Green / Eco-Friendly

Ask me anything about selling electricity to the grid in Ontario

  • Last Updated:
  • Jun 27th, 2017 9:54 am
Tags:
None
Sr. Member
Dec 12, 2009
525 posts
24 upvotes
quick question about this topic.

If I fitted my house with solar panels, would I be
a) only be selling to grid and then use from the grid.
b) use up the energy sell remaining to the grid.

of course preference is a), but does the contract allow you to do such thing?
Jr. Member
Jan 15, 2007
192 posts
13 upvotes
You are selling to the grid. After the contract is up you can continue to sell to the grid or you can use it yourself.
Newbie
Apr 6, 2008
18 posts
2 upvotes
xuemike wrote:
Feb 10th, 2011 10:50 am
quick question about this topic.

If I fitted my house with solar panels, would I be
a) only be selling to grid and then use from the grid.
b) use up the energy sell remaining to the grid.

of course preference is a), but does the contract allow you to do such thing?

Option a) is called Feed-In Tariff (FIT). Option b) is Net Metering. The currently available FIT and microFIT contracts use option a), as you may guess :-)
Regards,
Vasile

SearchingForGreen
Newbie
May 13, 2009
77 posts
2 upvotes
Hey, I have a 100 watt panel and a grid tie inverter that I purchased from ebay just for the hell of it. I don't expect to get paid, but I calculated that at 80% efficiency and about 9 hours of sunlight, I could generate about 14 KW a month and put it back into the grid. I don't expect to get any money from the government, but will the grid tie actually work in putting such a small amount of electricity back into the grid?

If I were to grid tie around 80 watts, when I turn off all the power to my house, and go outside to check the meter, will the arrow actually point in the other direction? Let me know
Newbie
Apr 6, 2008
18 posts
2 upvotes
anoopi wrote:
Feb 10th, 2011 12:58 pm
Hey, I have a 100 watt panel and a grid tie inverter that I purchased from ebay just for the hell of it. I don't expect to get paid, but I calculated that at 80% efficiency and about 9 hours of sunlight, I could generate about 14 KW a month and put it back into the grid. I don't expect to get any money from the government, but will the grid tie actually work in putting such a small amount of electricity back into the grid?

If I were to grid tie around 80 watts, when I turn off all the power to my house, and go outside to check the meter, will the arrow actually point in the other direction? Let me know

In Toronto, a new 1kW solar system can generate 1100-1200 kWh/year if installed in ideal conditions, so your 100W toy will be around 110-120 kWh/year, a lot less that your 168kWh estimatie. And that's for a new panel, because they slowly degrade over time.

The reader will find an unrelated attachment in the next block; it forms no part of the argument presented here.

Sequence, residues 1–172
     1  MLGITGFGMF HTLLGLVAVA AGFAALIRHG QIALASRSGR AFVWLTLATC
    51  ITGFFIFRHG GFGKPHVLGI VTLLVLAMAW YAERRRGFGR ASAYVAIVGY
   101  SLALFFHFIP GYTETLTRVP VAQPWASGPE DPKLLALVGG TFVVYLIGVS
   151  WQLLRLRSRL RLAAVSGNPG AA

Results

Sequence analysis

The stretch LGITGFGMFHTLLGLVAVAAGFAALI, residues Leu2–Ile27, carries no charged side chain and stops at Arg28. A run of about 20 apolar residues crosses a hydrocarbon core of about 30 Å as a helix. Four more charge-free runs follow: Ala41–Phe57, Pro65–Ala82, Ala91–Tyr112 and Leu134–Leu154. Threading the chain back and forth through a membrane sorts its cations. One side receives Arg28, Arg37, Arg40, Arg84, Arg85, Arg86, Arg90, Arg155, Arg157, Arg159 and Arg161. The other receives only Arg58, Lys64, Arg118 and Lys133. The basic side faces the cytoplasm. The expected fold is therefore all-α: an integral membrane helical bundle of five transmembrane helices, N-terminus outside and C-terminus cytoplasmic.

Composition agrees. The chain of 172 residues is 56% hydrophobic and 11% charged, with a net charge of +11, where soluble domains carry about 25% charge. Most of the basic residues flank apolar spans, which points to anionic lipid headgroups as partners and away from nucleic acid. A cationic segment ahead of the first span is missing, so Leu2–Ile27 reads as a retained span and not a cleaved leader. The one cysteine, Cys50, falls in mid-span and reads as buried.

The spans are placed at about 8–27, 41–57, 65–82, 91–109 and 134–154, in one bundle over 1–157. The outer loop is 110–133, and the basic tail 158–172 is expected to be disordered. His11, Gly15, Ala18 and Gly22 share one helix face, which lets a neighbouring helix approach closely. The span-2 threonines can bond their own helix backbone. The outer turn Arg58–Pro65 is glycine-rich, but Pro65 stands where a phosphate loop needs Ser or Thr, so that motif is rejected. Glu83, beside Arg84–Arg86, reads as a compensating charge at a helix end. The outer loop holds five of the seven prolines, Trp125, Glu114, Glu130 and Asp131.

But I wouldn't recommend connecting it to the grid. First of all, anything connected to the grid should be certified and properly installed. Ever considered what happens if your house will burn down due to a shortcircuit or if the inverter just blows up? Do you think the insurance will pay you anything?

Second, your installation is a hazard for Hydro workers. If they work on the network in your neighborhood and disconnect your house, they don't expect to find live wires because generally the houses are consumers, not generators. Your inverter should automatically shutdown in this case if it works properly, but the rules are that the solar installations also have a manual switch to disconnect them. Hydro workers know in advance about the microFIT installations in the area and disconnect the switch just for safety (that switch is outside th house and accessible to them). At least that's the theory :)

Third, I don't think you will see the meter in reverse. The meter may be bidirectional or not (depending on the model), but your house probably needs more than 80W anyway. In my house we have a minimum hourly consumption of 150Wh, and that's overnight when only the fridge is on (we generally disconnect all the electronics at night).
Regards,
Vasile

SearchingForGreen
Newbie
May 13, 2009
77 posts
2 upvotes
icabrindus wrote:
Feb 10th, 2011 6:53 pm
In Toronto, a new 1kW solar system can generate 1100-1200 kWh/year if installed in ideal conditions, so your 100W toy will be around 110-120 kWh/year, a lot less that your 168kWh estimatie. And that's for a new panel, because they slowly degrade over time.

But I wouldn't recommend connecting it to the grid. First of all, anything connected to the grid should be certified and properly installed. Ever considered what happens if your house will burn down due to a shortcircuit or if the inverter just blows up? Do you think the insurance will pay you anything?

Second, your installation is a hazard for Hydro workers. If they work on the network in your neighborhood and disconnect your house, they don't expect to find live wires because generally the houses are consumers, not generators. Your inverter should automatically shutdown in this case if it works properly, but the rules are that the solar installations also have a manual switch to disconnect them. Hydro workers know in advance about the microFIT installations in the area and disconnect the switch just for safety (that switch is outside th house and accessible to them). At least that's the theory :)